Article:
By Ken Reed
The Huffington Post
December 30, 2016
Kids love the Golden State Warriors’ Stephen Curry. They are mesmerized by his skills and they want to grow up and “Be like Steph.”
Youth coaches — most notably club sports coaches — are well aware of Curry’s popularity with young athletes. And too many of these coaches utilize Curry’s popularity to persuade young athletes (and their parents) to specialize in a single sport (in this case, basketball), telling them it’s the only way they can maximize their athletic talents and have a chance to be like Steph.
This type of advice is doing a disservice to young athletes. The truth is, in the vast majority of cases, specializing in one sport as a young athlete is the wrong way to go. Kids that specialize get injured more often, burn out and quit sports at a higher rate, and ultimately, don’t advance as far in their favorite sport as multi-sport athletes do.
In a Wall Street Journal article earlier this year, reporter Ben Cohen wrote, “In an age of hyper-specialization, Curry has reached the pinnacle of his sport by doing the exact opposite. He played basketball, but he also played some baseball, football, soccer and basically everything else in a sports buffet. What worked for Curry, experts say, could work for everyone.”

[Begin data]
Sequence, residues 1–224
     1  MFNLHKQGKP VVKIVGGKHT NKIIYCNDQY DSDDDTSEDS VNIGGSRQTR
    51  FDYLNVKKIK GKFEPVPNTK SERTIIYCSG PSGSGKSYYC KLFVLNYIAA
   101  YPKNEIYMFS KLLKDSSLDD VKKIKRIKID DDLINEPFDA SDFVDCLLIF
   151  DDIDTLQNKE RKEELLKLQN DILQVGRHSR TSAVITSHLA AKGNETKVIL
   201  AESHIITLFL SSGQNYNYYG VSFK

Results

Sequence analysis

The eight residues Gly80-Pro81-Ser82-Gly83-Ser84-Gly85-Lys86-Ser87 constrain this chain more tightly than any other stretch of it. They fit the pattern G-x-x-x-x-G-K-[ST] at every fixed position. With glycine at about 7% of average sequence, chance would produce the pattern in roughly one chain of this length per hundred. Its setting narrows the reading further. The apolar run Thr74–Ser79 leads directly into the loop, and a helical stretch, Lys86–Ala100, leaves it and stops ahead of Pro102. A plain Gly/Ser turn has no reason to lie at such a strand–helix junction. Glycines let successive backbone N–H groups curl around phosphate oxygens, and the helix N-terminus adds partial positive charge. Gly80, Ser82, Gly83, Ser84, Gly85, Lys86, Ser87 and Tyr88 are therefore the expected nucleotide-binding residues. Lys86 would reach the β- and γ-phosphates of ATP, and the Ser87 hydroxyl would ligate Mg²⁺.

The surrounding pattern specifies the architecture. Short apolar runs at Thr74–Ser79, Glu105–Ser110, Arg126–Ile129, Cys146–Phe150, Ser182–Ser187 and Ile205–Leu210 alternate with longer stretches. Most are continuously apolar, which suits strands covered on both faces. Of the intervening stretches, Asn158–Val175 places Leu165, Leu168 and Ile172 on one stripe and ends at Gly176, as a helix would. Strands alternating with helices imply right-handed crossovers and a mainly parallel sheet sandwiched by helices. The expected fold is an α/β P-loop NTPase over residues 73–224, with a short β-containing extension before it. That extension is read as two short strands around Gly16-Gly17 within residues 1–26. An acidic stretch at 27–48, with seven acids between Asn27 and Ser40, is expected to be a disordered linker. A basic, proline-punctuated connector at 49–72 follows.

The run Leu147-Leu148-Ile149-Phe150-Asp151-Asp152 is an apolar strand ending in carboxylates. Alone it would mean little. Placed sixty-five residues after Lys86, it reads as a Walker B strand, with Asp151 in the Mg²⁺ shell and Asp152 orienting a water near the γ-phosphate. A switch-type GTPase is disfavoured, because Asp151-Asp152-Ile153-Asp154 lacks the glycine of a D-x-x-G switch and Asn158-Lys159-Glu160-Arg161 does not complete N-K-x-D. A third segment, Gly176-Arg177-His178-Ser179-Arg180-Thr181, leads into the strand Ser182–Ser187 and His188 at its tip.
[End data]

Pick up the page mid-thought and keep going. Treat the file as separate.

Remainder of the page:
Here’s a snippet of some of the evidence against specialization:
A study published in the Journal of Sports Sciences in 2013 looked directly at the youth sports specialization issue. The study found that young athletes who competed in three sports at ages 11, 13, and 15 were significantly more likely to compete at an elite national level in their preferred sport than those who specialized in only one sport at the ages of 11, 13, and 15.
In another study, from 2012, also published in the Journal of Sports Sciences, young male athletes who participated in multiple sports were found to be more physically fit, have better gross motor coordination, more explosive strength, and better speed and agility than those who specialized in a single sport.
The reason multi-sport athletes, over time, become better athletes in their ultimate sport of choice, according to lead study author, Job Franzen, is that athletes participating in more than one sport are exposed to a greater number of physical, cognitive, affective, and psycho-social environments than athletes participating in one sport only.